Romney Promises 11.5 Million Jobs: Could He Really Deliver?

President Obama Thursday night urged Congress to pass a plan that some analysts say will put 1.9 million Americans to work in the next year. But two days earlier, GOP presidential candidate Mitt Romney announced a plan that he says will create nearly 10 times as many jobs.

Romney, who detailed his jobs agenda in a 161-page book, said in a Las Vegas speech unveiling the plan that if elected, he would push his plan to create 11.5 million jobs in his first term, dropping unemployment to less than 6 percent and boosting GDP growth to 4 percent annually.

But while most economists agree that Romney’s plan does include some job-creating initiatives, whether his proposals will add up to 11.5 million jobs is a bit hazy.

“It is unclear what that 11.5 million number came from,” said John Irons, research and policy director for the Economic Policy Institute, a nonprofit think tank.

Irons said 11.5 million jobs, or about 240,000 per month, is a “fairly modest target” because most economists would expect about 300,000 to 350,000 jobs to be created per month when the economy is coming out of a recession.

“If that’s his target, I don’t think it’s ambitious enough,” Irons said. “It is a little bit notable, but that’s not that many over four years. That’s the kind of job creation you would expect to see as a status quo.”

Romney’s proposed GDP growth is about half a percent higher than the 3.6 percent growth that the non-partisan Congressional Budget Office projects under current law for the same four-year time frame.

But on unemployment, Romney suggests his plan will outpace current CBO predictions by 2 percent.

“It’s a practical plan to get America back to work. It’s also immediate,” Romney said of his plan. “This isn’t something that’s going to take years to put into place.”

The former GOP front-runner’s plan includes five executive orders he would sign on his first day in office and five bills he would immediately send to Congress.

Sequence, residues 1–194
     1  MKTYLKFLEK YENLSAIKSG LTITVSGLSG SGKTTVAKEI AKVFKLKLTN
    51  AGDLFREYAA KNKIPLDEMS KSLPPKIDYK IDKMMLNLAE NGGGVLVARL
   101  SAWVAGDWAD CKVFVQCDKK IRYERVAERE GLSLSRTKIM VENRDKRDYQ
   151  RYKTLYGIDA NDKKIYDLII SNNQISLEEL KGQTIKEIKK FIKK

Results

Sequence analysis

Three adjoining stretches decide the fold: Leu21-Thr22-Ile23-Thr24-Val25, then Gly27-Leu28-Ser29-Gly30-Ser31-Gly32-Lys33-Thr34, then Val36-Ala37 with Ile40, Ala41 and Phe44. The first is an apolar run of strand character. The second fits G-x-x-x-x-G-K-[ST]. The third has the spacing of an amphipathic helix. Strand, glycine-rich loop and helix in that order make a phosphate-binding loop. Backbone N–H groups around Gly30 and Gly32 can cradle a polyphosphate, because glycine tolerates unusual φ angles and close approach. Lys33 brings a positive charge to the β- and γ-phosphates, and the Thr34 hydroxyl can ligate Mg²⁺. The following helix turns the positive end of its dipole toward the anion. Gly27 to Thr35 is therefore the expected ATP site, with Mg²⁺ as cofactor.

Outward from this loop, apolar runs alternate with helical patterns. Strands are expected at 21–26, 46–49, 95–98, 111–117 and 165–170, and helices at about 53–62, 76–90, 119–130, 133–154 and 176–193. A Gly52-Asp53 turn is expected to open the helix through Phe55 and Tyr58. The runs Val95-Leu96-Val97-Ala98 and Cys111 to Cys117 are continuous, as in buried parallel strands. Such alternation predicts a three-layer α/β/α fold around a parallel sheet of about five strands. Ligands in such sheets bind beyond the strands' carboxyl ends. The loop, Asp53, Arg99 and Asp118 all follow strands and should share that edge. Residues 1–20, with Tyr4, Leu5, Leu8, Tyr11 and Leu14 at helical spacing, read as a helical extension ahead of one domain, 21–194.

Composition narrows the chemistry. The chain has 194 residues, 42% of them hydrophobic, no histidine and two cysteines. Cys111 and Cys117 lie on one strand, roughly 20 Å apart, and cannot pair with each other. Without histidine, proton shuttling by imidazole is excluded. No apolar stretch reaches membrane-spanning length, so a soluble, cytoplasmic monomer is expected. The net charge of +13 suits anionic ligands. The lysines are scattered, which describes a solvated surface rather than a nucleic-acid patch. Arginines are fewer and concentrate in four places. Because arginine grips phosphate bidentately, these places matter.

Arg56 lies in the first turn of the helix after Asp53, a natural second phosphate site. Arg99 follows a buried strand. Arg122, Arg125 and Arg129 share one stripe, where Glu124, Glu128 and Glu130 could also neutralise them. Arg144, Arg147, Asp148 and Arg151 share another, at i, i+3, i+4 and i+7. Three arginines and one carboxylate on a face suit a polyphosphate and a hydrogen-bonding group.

One bill would lower the corporate tax rate from 35 percent, the second highest rate in the world, to 25 percent. William McBride, an economist at the Tax Foundation, said the lower rate would reduce unemployment by about 0.5 percent, adding about 1 million jobs in a year.

“The corporate tax rate is generally considered to be one of the most harmful of taxes in terms of economic growth, so cutting it, there is a lot of bipartisan agreement about this,” McBride said.

But while dropping the rate to 10 percent would stop U.S. businesses from relocating overseas, it would not lead to a large number of companies relocating to U.S. soil because the average rate of America’s trade partners is around 25 percent as well, he said.

“This ultimately isn’t so radical. It’s just moving us toward the average,” McBride said.

Romney would also immediately send Congress free-trade agreements with Panama, South Korea and Colombia.  The U.S. Chamber of Commerce estimates that opening trade with these three countries could create 380,000 jobs and the International Trade Administration expects the agreement with South Korea alone to boost annual exports by $11 billion.

As a part of what Romney calls his “Middle Class Tax Savings Plan,” the former Massachusetts governor said he would eliminate taxes on capital gains and dividends for people who earn less than $200,000.

Joe Rosenberg, a research associate with the non-partisan Tax Policy Center, said cutting investment income taxes only for people making less than $200,000 is “a bit of an odd way to do it” because such a small number of people at or below that income level bring in much money from capital gains or dividends.

“It is sort of a political have your cake and eat it, too,” Rosenberg said. “You’re not going to propose something extreme such as eliminating all capital gains and dividends, but you will throw it out there as a signal that you’re sympathetic to that point of view.”

Romney also plans to eliminate the estate tax, or “death tax,” because, he said, it could have “catastrophic” effects on small family-owned businesses.

The CBO estimates that permanently repealing the estate tax would increase the deficit by about $500 billion in a decade. But a 2003 study by William Beach, an economist with the conservative Heritage Foundation, estimated that repealing the tax would create between 170,000 and 250,000 jobs.

There are many similarities between Romney’s plan and other Republican plans that have been put forth, such as House Majority Leader Eric Cantor’s job-creation agenda and his fellow GOP candidate Jon Huntsman’s proposal.

All three call for repealing “Obamacare” and rolling back Obama-era regulations. Huntsman also proposed dropping the corporate tax rate to 25 percent and cutting taxes on capital gains and dividends.

“This plan is broadly consistent with Republican’s expressed positions,” said Andreas Stathopoulos, assistant professor of finance and business economics at the University of Southern California’s Marshall School of Business. “It is not surprising that Romney’s plan is what it is.”

ABC News’ Emily Friedman contributed to this report.